Do you pray for the lonely, depressed, mourning,, or struggling? Do you reach out to the people in your community who are mentally ill? Do you suffer from depression yourself? Consider Christ on the Cross. He knows your loneliness and pain. Meditate on how Christ took on our lowliness, but he too understands our loneliness.
There is something of this loneliness as we wait for Our Lord to come both at Christmas and in the Second Coming. We long for Him. ‘Our souls pine for him like a deer longs for streams of water’, to paraphrase the Psalmist. Advent reminds us that we are not home. We are not reunited with the one who created us. We must always keep in mind that we wait in “joyful hope” even in our struggles. So as we wait for brighter days and lighter burdens, remember that all things pass away, and Our Lord has come to save us. I pray Our Lord blesses you during this Advent season. St. Dymphna, pray for us.
I am going to open up this can of worms for the second year in a row. I am having an honest struggle with Santa Claus. I was raised with my parents doing Santa Claus. I can remember thinking that I heard sleigh bells when I was five years old, waiting in anticipation for Christmas morning. My parents did a great job of making Christmas a special time. That is why I am shocked that I am struggling with the decision to do Santa Claus or not. The Easter Bunny is already a big no for my husband and me.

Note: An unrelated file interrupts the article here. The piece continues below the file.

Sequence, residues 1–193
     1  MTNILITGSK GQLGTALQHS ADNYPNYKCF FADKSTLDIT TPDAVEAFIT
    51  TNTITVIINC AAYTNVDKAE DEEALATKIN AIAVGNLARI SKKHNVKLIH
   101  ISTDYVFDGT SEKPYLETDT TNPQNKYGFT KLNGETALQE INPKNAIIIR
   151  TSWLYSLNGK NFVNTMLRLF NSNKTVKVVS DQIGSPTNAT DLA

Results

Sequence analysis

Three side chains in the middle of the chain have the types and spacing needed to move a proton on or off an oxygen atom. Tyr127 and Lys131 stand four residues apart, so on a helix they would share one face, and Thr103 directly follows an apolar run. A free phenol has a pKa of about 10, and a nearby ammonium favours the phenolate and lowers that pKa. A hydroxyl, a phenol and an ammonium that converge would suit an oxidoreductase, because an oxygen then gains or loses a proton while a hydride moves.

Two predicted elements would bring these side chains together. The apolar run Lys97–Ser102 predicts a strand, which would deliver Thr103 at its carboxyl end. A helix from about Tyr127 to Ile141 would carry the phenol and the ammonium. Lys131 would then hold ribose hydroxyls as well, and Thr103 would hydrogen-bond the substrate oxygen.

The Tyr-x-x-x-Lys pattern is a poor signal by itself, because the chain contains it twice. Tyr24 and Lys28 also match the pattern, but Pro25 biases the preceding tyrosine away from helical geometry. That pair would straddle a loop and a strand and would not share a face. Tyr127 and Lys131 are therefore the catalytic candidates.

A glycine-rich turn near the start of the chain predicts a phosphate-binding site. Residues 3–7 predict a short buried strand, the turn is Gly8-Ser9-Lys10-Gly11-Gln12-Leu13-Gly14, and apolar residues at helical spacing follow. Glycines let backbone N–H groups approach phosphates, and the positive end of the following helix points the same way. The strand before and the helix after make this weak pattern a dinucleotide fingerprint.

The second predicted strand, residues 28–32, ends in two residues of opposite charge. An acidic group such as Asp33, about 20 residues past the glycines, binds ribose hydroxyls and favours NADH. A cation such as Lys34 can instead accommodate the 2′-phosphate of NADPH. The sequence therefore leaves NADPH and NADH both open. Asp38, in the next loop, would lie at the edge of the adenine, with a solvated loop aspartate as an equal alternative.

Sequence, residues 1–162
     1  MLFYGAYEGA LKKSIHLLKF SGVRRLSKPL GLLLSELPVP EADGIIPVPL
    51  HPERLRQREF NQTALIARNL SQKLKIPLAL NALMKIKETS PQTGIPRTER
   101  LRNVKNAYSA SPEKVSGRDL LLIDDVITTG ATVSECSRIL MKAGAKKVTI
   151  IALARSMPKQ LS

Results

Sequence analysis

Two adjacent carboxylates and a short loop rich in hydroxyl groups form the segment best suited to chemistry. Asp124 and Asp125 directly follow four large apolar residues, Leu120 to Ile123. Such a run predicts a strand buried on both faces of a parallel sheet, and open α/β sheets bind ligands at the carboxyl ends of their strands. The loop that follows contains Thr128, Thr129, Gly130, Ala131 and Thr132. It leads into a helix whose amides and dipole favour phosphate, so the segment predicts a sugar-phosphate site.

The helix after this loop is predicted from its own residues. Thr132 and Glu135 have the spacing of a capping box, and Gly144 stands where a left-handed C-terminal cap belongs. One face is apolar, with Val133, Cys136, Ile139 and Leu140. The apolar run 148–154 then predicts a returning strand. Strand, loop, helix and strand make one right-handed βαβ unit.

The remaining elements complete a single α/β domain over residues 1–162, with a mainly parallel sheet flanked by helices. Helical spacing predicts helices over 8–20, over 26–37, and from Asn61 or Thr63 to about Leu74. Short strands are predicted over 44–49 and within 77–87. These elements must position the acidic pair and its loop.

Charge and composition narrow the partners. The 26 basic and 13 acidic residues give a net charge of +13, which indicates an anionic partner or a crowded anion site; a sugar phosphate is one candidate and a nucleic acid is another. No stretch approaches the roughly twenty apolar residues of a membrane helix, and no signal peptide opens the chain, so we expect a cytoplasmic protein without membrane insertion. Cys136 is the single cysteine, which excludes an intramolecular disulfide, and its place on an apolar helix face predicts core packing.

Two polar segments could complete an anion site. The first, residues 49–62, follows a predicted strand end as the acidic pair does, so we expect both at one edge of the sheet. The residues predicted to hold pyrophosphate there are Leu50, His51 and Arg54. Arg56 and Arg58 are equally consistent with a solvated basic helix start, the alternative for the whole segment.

Today is the Feast Day of St. Nicholas. Happy Feast Day! We celebrate this feast in our family. My husband and I decided to incorporate his childhood tradition of stockings on December 6th to our own family traditions. We did stockings on Christmas morning in my family.